Summary and Implications
Mycoplasma hyopneumoniae is an enzootic pneumonia affecting swine. Globally it has been estimated that 93% of swine herds have Mycoplasma hyopneumoniae which may result in performance losses (Ross, 1992). Losses may incur from a decrease in performance, lower weight gains, decreased feed efficiency, antibiotic treatments, and an increased risk of other respiratory diseases. The objective of this study was to complete a systematic review to compare the studies and determine the effectiveness of the vaccine in relation to average daily gain (ADG). A total of 1,074 articles were considered and eight articles were used in the final report. The results of combining these final articles concluded that when vaccinated against Mycoplasma hyopneumoniae swine had an ADG of 17.91 grams per day more than non-vaccinated swine. The weighted average for all the studies that reported statistically significant differences was 29.63 grams per day more than nonvaccinated swine. Therefore, it may be beneficial for a producer, depending on their situation, to vaccinate against Mycoplasma hyponeumoniae.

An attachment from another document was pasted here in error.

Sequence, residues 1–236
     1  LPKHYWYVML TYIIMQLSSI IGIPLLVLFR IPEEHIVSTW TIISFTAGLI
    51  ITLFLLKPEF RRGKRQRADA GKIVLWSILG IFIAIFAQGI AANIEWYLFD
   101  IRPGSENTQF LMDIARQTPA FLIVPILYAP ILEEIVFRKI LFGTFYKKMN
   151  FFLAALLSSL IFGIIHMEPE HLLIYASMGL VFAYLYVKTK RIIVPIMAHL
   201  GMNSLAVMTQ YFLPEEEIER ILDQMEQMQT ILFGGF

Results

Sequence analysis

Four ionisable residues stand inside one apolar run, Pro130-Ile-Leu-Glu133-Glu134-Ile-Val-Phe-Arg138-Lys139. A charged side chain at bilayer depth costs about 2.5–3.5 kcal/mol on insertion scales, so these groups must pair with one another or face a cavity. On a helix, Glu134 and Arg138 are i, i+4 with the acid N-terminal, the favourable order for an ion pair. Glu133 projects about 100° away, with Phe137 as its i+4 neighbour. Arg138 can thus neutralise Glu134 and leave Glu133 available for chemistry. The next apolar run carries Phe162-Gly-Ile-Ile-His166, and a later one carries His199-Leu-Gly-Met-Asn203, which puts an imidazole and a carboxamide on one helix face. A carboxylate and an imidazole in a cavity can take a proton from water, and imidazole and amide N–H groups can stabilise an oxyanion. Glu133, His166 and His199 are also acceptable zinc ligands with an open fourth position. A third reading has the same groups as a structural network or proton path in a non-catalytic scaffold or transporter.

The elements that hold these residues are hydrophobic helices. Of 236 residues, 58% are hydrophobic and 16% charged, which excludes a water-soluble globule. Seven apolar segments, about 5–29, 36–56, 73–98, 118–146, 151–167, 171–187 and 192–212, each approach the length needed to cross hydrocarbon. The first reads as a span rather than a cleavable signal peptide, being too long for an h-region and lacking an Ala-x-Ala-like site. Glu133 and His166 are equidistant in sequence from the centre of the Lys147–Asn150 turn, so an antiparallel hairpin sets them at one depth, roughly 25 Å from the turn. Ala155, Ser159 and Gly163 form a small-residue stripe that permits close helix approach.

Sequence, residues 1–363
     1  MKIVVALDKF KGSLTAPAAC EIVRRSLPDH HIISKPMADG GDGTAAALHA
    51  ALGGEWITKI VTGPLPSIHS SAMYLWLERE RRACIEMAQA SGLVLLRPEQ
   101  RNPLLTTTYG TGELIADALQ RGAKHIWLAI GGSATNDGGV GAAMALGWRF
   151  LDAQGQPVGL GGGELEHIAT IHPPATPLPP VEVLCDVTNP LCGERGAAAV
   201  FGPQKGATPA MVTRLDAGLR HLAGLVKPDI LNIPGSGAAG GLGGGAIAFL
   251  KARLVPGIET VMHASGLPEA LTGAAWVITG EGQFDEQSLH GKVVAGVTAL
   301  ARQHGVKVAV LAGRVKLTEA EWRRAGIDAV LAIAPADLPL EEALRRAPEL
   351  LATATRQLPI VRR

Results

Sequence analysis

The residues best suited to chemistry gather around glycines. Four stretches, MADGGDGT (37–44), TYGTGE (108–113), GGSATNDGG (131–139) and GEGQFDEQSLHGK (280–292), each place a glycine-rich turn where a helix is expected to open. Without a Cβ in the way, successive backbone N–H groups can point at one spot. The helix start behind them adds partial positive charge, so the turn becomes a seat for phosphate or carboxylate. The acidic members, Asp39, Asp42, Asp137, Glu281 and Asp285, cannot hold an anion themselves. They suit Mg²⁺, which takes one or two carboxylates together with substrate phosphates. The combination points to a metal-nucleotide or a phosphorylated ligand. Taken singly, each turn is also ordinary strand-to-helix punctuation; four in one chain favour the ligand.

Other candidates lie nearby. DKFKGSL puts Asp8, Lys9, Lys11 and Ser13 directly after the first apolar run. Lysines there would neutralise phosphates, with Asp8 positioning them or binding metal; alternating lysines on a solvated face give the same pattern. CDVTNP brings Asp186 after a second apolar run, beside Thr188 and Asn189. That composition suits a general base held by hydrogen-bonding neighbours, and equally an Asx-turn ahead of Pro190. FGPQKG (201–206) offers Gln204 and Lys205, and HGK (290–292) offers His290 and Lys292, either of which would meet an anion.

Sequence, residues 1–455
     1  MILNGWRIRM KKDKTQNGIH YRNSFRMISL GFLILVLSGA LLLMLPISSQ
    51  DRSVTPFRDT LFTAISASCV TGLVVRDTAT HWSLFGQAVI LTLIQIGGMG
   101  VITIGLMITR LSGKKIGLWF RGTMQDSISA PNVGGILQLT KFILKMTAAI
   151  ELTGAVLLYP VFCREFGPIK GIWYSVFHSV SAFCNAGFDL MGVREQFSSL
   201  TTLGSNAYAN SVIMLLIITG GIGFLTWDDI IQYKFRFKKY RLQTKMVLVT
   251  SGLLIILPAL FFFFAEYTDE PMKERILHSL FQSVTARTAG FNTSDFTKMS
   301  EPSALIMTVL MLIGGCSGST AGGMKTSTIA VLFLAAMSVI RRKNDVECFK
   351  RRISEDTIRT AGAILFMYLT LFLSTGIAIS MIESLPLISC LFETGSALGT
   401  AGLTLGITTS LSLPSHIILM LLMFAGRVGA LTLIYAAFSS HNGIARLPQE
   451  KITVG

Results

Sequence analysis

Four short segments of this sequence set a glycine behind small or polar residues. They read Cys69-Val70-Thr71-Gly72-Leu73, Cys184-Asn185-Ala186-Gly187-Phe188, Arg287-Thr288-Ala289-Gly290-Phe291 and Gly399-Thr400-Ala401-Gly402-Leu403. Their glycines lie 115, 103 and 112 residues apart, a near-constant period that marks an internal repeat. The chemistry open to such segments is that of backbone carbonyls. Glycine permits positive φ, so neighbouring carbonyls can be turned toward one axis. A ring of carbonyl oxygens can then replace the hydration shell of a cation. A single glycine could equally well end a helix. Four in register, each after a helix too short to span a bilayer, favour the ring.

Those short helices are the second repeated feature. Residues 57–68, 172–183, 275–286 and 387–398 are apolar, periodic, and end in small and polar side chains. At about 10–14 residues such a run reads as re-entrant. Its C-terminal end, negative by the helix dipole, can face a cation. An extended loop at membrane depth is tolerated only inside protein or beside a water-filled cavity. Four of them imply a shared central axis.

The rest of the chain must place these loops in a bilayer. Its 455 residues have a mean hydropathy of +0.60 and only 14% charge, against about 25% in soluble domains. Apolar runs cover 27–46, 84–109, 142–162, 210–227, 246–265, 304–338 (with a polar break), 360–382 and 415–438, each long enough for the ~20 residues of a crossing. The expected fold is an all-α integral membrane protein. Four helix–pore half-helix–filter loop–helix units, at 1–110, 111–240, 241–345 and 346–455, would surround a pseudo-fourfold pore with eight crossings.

Iowa State University
Elsbernd, Amanda; Johnson, Anna K.; Stalder, Kenneth J.; Karriker, Locke A.; O'Connor, Annette M.; Dinslage, Tyson; and Bowden, Josh
"A Review on the Impact of Mycoplasma hyopneumoniae
Vaccination on Average Daily Gain in Swine,"
Animal Industry Report:
AS 658, ASL R2672.
Available at: http://lib.dr.iastate.edu/ans_air/vol658/iss1/4